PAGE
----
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How are male facelifts different?

By: Dr. Robert J. Paresi Jr.


How are male facelifts different than female facelifts?

To start, male facelifts involve dealing with the male facial hair.  The incisions for a male facelift must be made taking into account the movement of the hairbearing skin area.  The area in front of the ear must be carefully planned to maintain the sideburns while avoiding hairbearing skin be placed directly in front of the ear.  This involved changing the incision planning as well as removing the hair follicles in the areas directly in front of the ears.

Another important difference with male facelifts is the higher risk of bleeding.  This may be due to higher overall blood pressure or the tendency for male tissues to bleed more.  We account for this higher risk by taking a number of additional steps in male patients undergoing a facelift procedure:

1.  Preoperative Clonidine - Clonidine is an oral medication which controls blood pressure.  Taking this medication before the surgery decreases the male patient's blood pressure resulting in a lower risk for bleeding and hematomas.

2.  Tranexamic Acid (TXA) in the tumescent solution.  Tumescent solution is the fluid that is injected into the face at the time of a facelift to allow for less blood loss and pain control.  Adding TXA to the solution decreases the bleeding in the operative site at the time of surgery and thereafter.

3.  Platelet Rich Plasma (PRP) - PRP is separated from the patient's blood before the surgery after a blood draw and is used to inject into the operative site at the time of surgery to decrease bleeding and enhance overall recovery.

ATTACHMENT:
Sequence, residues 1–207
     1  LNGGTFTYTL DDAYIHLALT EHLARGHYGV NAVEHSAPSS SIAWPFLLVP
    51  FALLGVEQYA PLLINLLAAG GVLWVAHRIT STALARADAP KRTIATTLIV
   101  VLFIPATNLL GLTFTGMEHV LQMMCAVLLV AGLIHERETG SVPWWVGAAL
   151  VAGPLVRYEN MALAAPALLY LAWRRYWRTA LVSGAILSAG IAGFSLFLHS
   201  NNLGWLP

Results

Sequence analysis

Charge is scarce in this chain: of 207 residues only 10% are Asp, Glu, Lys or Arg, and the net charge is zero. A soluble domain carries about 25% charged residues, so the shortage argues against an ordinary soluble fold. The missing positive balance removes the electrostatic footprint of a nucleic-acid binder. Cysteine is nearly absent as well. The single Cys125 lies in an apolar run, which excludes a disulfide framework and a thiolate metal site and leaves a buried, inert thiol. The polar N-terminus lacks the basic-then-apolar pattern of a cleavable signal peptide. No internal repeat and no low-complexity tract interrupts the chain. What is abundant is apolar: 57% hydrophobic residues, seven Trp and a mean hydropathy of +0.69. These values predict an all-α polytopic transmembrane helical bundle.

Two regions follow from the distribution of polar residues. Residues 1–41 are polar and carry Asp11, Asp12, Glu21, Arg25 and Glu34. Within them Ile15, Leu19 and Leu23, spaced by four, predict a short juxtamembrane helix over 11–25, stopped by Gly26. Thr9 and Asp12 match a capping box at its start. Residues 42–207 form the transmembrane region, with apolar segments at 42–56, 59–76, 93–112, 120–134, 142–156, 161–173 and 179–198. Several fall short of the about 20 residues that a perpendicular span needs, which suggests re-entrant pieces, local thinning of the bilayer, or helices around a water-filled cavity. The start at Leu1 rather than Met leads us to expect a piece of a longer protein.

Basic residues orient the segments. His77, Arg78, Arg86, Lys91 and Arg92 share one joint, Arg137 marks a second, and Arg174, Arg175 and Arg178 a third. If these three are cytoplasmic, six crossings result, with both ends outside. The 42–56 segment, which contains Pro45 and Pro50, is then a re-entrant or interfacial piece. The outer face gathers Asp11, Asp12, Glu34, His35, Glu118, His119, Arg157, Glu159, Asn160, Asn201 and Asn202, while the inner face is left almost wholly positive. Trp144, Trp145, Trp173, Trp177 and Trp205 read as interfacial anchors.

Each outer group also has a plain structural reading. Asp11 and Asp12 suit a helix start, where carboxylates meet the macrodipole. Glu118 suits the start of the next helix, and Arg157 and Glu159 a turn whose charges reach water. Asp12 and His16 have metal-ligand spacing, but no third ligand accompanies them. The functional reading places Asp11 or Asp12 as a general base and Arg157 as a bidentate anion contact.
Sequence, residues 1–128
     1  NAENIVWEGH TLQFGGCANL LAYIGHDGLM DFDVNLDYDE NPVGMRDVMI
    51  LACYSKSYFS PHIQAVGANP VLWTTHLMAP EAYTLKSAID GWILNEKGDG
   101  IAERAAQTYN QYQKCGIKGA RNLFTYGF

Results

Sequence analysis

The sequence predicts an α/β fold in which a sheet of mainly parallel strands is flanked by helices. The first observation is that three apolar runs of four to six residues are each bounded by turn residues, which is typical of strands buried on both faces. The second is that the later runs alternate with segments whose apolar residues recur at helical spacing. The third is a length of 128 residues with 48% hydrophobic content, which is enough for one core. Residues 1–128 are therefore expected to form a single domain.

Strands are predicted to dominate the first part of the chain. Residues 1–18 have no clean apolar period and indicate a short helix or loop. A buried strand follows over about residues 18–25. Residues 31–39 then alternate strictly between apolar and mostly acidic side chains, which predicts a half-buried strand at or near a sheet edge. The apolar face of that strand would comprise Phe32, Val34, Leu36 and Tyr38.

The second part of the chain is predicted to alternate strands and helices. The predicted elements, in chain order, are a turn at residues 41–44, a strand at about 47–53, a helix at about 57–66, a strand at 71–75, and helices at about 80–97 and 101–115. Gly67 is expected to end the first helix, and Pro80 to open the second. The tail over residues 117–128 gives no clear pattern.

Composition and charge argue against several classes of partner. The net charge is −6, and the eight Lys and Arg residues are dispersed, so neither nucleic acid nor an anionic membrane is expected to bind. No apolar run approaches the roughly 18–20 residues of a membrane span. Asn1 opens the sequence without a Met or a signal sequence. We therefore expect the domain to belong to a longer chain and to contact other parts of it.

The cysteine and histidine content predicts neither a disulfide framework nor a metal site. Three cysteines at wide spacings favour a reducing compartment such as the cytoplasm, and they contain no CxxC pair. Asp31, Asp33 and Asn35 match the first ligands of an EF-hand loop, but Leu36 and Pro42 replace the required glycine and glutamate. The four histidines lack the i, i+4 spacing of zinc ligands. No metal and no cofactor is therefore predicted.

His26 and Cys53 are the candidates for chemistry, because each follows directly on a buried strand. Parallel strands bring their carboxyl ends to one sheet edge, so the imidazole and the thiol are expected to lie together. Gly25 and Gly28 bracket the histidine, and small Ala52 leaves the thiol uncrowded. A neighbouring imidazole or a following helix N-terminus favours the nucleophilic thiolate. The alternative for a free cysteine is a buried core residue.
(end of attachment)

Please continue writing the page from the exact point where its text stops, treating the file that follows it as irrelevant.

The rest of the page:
Male patients often have aesthetic goals which are different than female patients.  Their main concerns often involve the neck contour and jawline with less concerns over cheek volume.  This means less fat grafting to the cheeks and more liposuction of the neck and jawline.  

Lastly, male patients often do better with facelift procedures under general anesthesia.  This puts them at less risk for elevated blood pressure and gives them a more comfortable overall experience.  Although we still offer male patients the option of doing the procedure under local anesthesia, we recommend general anesthesia for most patients.

Facial Aging in 57 year-old ma

Oblique view of a 57 year-old male with jowls, laxity of the skin and muscle of his neck and loss of neck contour and jawline definition

Male Short Scar Facelift

Oblique view 6 months after a short scar facelift with corset platysmaplasty of the neck. Notice the improvement in the neck contour and the jawline.

* All information subject to change. Images may contain models. Individual results are not guaranteed and may vary.